from The Century Dictionary.
- Same as
from Wiktionary, Creative Commons Attribution/Share-Alike License.
- adjective archaic Of or pertaining to a
Sorry, no etymologies found.
The idea of laical public education is reinforced to strengthen The Republic, such as it was done in the first third of the XX century.
After resuming our laical toilette, and dressing gaily for the great festival, we mounted our asses about the cool of the afternoon, and, returning to Muna, we found the tent full of visitors.
Many pilgrims, especially the soldiers, were in laical costume.
When a man appears as a Fakir or Darwaysh, he casts off, in process of regeneration, together with other worldly sloughs, his laical name for some brilliant coat of nomenclature rich in religious promise.
Others again devote themselves to laical pursuits, degenerate into Wakils (lawyers), or seek their fortunes as Katibs — public or private accountants.
Ludovico di Varthema — the vir Deo carus, be it remarked, of the learned and laical Julius Caesar Scaliger:
Its Tawaf, generally called Tawaf al-Ziyarat, less commonly Tawaf al-Sadr or Tawaf al-Nuzul, is that performed immediately after throwing the stones and resuming the laical dress on the victim-day at Mount Muna.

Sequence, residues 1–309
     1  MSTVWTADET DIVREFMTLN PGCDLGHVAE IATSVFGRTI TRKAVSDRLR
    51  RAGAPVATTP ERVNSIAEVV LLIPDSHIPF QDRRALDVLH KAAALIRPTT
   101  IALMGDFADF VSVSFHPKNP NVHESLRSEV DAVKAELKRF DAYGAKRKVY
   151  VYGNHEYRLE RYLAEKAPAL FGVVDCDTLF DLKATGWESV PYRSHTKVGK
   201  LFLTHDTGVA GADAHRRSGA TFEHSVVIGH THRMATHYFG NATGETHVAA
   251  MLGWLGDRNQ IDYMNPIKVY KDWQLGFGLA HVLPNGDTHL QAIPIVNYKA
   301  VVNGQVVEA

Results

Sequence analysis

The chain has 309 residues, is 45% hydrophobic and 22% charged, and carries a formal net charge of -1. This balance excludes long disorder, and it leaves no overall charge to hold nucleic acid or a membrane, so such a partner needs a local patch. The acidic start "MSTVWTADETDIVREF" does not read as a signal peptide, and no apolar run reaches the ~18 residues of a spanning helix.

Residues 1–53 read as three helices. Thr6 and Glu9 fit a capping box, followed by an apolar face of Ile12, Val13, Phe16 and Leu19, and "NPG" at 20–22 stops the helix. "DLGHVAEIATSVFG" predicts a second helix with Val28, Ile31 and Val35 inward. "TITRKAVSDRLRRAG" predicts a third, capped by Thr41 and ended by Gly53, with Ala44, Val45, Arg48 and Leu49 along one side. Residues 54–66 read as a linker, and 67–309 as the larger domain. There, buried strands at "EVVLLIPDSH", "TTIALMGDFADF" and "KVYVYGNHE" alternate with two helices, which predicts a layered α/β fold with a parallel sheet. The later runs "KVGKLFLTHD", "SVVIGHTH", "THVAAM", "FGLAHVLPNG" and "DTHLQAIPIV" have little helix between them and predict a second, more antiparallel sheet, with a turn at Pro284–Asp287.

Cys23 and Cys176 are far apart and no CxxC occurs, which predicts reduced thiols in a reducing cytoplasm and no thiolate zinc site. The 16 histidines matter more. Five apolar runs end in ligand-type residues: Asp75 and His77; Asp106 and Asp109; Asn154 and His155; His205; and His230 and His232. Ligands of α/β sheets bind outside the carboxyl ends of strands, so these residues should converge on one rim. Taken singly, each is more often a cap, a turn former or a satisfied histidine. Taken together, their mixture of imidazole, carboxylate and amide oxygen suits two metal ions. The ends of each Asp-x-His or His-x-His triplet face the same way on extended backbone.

At first sight the choice appears not difficult to make, for although so laical and original a work had proved to be popular, yet such popularity was hardly of a nature to appeal to so devout a Christian as one who had already attained episcopal rank.
Her philosophy was purely laical; thought was unrestrained by any sacred tradition; it even pretended to pass judgment upon these traditions and condemned or approved of them.
There being "other excesses" for which, it appears, there is no statute remedy, the magistrates commit a piece of pious injustice, and lump sundry laical sins into the one crime against the Church.